Words by: Defne Özdoğan.
London is a city where Romanesque, Victorian, Modernist, Brutal, and Contemporary architecture assembles. At the moment, I live in Walthamstow. Here, you can’t see skyscrapers or contemporary architecture. This area is not filled with newly constructed buildings or social housing estates. Victorian, Georgian and Edwardian, two or three-storey single and semi-detached homes reside in my neighbourhood. Moving towards the central by the overground, the urban pattern changes every second and London’s architectural library becomes visible. From the East towards the Central, there are many examples of old modernist social housing estates followed by buildings such as the Barbican which represent the brutalist period after World War II. Moreover, tall contemporary new-builds become very visible. Towards the Central River Thames area, you see all the historical buildings that belong to movements such as Baroque, Romanesque and Gothic. But for me, London can be described with 5 particular buildings.
Tate Modern Terrace, source Hufton + Crow
Building: Tate Modern
Neighbourhood: Southbank. Architect: Herzog & de Meuron
Once a Bankside Power Station built by Giles Gilbert Scott who designed the iconic red telephone boxes, now an art gallery, Tate Modern is an essential space for art history and contemporary culture of art. Henry Tate, a 19th-century sugar merchant from Liverpool, donated his collection of contemporary paintings and £80,000 to the government which are now in Tate’s permanent collection alongside Marilyn Diptych (1962) by Andy Warhol, Nude Woman With Necklace (1968) by Pablo Picasso, Mountain Lake (1938) by Salvador Dalí. The building is almost the same size as Westminster Abbey, the top floor of the Switch House has a terrace with a view of the dome of St Paul’s Cathedral.
Photography: CK Travels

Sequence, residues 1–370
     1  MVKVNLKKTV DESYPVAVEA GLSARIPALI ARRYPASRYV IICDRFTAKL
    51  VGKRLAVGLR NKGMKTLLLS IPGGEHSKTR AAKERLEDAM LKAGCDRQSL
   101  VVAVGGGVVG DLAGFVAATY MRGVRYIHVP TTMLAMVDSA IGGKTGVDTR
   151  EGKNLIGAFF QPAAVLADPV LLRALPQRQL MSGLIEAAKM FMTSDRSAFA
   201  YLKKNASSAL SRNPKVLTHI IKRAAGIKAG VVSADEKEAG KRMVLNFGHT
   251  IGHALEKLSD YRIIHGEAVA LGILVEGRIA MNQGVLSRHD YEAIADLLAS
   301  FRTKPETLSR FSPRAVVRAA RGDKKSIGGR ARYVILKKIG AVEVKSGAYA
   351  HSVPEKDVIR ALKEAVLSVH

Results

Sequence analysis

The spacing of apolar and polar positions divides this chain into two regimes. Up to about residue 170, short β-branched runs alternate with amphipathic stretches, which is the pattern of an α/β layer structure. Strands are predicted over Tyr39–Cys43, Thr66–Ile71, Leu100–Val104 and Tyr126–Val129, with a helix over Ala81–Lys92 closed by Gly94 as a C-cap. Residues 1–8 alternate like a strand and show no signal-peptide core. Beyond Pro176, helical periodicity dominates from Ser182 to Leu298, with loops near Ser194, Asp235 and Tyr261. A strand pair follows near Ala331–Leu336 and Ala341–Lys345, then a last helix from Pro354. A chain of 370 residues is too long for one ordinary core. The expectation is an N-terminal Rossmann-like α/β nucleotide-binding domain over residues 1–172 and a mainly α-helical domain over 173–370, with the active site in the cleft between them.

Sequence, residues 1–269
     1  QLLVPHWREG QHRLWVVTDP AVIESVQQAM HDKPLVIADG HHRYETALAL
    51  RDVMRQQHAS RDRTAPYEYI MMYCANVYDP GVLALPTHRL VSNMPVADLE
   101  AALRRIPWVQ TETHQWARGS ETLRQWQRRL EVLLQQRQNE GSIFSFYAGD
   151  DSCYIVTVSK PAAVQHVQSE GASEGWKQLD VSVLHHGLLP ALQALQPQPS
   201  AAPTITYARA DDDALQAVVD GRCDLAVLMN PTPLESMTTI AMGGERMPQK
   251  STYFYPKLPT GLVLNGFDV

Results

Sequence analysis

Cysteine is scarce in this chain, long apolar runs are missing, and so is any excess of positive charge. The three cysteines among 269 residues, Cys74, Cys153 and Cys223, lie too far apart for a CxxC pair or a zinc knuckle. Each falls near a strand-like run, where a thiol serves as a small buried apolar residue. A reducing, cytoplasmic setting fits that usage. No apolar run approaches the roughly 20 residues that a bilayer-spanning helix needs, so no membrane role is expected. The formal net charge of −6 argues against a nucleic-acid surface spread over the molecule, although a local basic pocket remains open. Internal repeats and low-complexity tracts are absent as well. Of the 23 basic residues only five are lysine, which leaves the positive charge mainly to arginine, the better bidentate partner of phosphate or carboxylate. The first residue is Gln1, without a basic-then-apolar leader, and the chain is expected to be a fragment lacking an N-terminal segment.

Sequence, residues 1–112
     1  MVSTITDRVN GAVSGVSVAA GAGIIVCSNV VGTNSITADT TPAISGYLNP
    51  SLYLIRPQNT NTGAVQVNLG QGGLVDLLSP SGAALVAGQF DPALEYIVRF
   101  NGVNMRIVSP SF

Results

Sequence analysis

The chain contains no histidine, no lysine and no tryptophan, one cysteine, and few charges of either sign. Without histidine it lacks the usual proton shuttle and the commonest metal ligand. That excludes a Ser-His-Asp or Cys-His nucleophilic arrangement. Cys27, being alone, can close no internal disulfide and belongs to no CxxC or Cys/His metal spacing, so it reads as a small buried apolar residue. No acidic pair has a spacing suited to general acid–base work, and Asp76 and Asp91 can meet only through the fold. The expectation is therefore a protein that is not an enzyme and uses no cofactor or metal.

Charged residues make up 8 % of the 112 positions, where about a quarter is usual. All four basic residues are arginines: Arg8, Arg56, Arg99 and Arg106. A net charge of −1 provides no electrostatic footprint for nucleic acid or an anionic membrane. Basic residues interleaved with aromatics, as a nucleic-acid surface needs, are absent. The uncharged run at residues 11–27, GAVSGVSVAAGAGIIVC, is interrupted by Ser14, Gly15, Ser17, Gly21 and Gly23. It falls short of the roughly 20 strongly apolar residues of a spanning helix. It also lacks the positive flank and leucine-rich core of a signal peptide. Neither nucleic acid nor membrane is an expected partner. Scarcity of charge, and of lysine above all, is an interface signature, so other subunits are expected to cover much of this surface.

Building: Alexandra Road Estate
Neighbourhood: Camden. Architect: Neave Brown
Once a social housing estate, still a social housing estate/private residence, it is a crucial example of modernist architecture and council housing. Along with 520 apartments, the site includes a school, community centre, youth club, heating complex, and parkland. The estate was granted Grade II listed status on 18 August 1993, the first post-war council housing estate to be listed. It was featured in Foals – "Mountain At My Gates" video. Try to speak with the residents, I would say. We did some studying and the number of people who spent a lifetime on this estate is crazy.
Neighbourhood: Barbican. Architect: Chamberlin, Powell and Bon
Once the centre of the rag trade, and home to fabric and leather merchants, furriers, glovers and a host of other tradesmen, a Grade II listed building, the Barbican is one of London’s best examples of Brutalist architecture. Now it’s used as one of London's major venues for events, concerts, and exhibitions, and also a residential complex of around 2,000 flats and maisonettes. The history of the Barbican, a utopian vision to transform an area of London left devastated by bombs during the Second World War should definitely be read. It is a masterpiece in terms of regenerating an area of the city.
Building: The University of Central Saint Martins
Neighbourhood: Granary Square. Architect: Stanton Williams Architects
The building was built for unloading and storing wheat for London's bakers in 1851, it was turned into the University of CSM College of Arts in 1989. Granary Square was given to us as a case study in our first year of BA architecture. The square is a shapeshifter, every season it serves different activities and social spaces. It facilitates a quick escape from Kings Cross in general. I am not 100% sure if I really like the building because I studied there but, go visit, and see for yourself. Please try to check these details out: The very high ceilings of the building, people smoking next to the Waitrose, the amazing bookshop next to the canal where concerts happen occasionally, and kids and dogs playing in the fountains in summer or winter time.
Battersea Power Station
Building: Battersea Power Station
Neighbourhood: Battersea. Architect: WilkinsonEyre did the restoration of the building however quite a few architects were involved in the actual building of the work such as Giles Gilbert Scott and Frank Gehry.
Once a Coal-fired power station, now 'a place for locals, tourists and residents to enjoy a unique blend of shops, bars, restaurants, entertainment venues, parks and historical spaces' as it says on its website. I haven’t been to this space -yet-, so it is difficult to explain why I recommend it. But the area really has been regenerating thanks to this development. People have been buying houses for the past 5 years because of this building and it is finally open to the public. I know that the architecture is magnificent with a lot of Mediaeval details. Also, there aren’t many examples of large-scale Art Deco-style buildings in London, so it should be worth giving a try.